I have several large plastic pots that I got before learning the benefits of terra cotta, that I really can't toss. 14" 16" and 20". Would it help any to drill some holes up the sides? For air and gas exchange? If so what size drill bit? and about how many holes.? I'm planning on using them for the fig, and a few of my fruiting shrubs/evergreen.

    Thanks!
    YFJJ

  • tapla (mid-Michigan, USDA z5b-6a)
    Original Author
    11 years ago
    last modified: 7 years ago

    I use a lot of big containers that don't have gas-permeable walls, and I don't have any problems when using the highly aerated soils that get watered more often than their heavier counterparts, and I don't bother drilling any extra holes in the sides & wrecking their appearance. I do think that terra cotta pots are healthier from the plant's perspective, but I still have about half or more of my containerized plants in pots other than terra cotta.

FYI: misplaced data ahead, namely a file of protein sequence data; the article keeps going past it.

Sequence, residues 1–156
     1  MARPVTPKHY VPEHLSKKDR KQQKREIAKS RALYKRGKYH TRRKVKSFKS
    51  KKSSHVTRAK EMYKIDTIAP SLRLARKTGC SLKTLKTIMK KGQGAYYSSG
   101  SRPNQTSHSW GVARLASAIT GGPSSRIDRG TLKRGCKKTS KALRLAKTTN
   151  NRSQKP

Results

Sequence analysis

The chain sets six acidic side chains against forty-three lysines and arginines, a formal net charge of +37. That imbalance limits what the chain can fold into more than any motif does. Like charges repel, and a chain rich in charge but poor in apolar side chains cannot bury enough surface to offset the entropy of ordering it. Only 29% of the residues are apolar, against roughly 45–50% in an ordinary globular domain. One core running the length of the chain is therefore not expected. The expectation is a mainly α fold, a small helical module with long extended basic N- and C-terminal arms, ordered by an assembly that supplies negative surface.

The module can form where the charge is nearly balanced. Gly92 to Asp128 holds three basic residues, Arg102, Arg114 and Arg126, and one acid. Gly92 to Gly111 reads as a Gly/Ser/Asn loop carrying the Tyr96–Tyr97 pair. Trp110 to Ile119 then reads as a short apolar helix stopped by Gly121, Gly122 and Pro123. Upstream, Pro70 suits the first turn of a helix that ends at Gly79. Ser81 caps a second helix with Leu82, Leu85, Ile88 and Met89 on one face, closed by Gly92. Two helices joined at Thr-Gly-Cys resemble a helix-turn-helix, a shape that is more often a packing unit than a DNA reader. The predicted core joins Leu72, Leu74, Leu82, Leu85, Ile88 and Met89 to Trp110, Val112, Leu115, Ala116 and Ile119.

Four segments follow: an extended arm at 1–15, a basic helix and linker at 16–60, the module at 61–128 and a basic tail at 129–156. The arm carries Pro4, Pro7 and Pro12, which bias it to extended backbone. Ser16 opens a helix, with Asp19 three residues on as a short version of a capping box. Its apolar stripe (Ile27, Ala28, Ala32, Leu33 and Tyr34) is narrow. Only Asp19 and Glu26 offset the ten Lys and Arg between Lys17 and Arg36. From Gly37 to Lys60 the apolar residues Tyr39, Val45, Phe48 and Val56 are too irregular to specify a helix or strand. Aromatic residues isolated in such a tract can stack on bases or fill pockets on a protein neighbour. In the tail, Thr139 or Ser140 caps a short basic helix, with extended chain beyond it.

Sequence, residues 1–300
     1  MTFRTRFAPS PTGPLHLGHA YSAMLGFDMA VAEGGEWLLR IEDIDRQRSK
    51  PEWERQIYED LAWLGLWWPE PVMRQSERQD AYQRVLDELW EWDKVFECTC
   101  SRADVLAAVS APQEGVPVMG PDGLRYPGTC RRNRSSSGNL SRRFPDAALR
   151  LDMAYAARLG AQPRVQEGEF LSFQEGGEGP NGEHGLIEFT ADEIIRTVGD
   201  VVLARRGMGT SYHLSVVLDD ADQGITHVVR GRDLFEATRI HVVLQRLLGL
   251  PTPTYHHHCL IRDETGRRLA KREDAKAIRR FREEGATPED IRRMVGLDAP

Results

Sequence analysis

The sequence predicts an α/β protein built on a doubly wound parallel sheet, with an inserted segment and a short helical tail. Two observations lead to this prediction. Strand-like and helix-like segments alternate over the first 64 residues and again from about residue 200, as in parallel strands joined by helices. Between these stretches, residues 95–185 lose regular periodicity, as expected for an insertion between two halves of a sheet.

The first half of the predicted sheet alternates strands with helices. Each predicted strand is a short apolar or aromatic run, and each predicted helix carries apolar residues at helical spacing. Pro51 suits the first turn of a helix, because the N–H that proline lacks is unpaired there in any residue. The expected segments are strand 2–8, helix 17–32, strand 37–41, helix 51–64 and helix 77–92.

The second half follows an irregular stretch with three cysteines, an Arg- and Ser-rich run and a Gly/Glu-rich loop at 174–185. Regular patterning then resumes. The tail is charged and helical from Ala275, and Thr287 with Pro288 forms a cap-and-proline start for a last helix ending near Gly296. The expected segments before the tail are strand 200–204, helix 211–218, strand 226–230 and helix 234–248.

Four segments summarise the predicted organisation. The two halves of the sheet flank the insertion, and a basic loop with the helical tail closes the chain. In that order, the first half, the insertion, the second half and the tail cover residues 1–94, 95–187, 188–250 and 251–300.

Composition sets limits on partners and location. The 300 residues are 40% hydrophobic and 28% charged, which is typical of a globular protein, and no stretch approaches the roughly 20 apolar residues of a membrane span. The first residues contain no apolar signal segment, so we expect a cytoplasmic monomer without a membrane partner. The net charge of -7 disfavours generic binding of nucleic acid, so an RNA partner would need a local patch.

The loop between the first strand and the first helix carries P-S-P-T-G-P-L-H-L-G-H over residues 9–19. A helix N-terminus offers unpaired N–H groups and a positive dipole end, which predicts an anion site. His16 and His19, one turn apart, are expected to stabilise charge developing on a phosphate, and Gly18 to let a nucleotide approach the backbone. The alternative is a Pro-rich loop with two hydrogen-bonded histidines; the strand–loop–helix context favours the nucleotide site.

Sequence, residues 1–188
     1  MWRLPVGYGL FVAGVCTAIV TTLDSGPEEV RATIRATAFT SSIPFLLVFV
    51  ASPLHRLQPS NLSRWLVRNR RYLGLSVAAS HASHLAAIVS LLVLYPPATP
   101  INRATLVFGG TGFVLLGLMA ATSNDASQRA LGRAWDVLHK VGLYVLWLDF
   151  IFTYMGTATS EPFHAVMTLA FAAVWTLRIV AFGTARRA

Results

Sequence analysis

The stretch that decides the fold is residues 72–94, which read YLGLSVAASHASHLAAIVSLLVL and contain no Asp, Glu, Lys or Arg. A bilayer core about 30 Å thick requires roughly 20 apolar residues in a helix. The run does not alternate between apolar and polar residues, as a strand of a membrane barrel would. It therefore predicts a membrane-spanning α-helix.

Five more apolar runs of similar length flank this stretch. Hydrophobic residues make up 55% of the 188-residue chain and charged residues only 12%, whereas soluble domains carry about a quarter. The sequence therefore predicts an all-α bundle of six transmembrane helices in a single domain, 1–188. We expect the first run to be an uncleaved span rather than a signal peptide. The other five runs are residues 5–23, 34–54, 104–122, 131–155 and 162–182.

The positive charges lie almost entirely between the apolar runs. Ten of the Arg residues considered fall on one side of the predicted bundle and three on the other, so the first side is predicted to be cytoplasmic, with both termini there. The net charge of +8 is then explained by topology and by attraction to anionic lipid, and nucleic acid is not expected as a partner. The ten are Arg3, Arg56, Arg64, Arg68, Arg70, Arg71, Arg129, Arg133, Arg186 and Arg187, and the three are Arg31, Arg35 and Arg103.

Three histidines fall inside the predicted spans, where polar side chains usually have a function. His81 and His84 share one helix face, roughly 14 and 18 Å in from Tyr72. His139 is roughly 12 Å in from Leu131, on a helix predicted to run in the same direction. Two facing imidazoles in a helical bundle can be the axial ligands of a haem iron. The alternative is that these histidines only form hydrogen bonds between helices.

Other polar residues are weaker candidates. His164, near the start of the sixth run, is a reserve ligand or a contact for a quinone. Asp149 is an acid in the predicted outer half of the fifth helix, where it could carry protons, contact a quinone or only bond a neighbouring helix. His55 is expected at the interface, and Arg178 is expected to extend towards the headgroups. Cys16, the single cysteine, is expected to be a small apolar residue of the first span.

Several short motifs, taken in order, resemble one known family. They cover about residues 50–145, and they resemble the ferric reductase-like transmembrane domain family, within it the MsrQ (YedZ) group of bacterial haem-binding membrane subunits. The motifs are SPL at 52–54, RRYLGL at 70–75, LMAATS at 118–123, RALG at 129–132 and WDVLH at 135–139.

FWIW - if I WAS putting extra holes in the bottoms & sides, I'd use a soldering iron/gun or a nail heated with a propane torch to melt the holes through - stronger & less likely to crack. ;o)

    YPA

  • jodik_gw
    11 years ago
    last modified: 7 years ago

    I'm with Al... while I prefer to use the unglazed clay, I also have several large plastic and composite (fake clay) planters that I use with no problems.

    The cost of clay is kind of prohibitive. Some of the nicer decorator clay pots can go really high in price! I wish, but I can't afford them.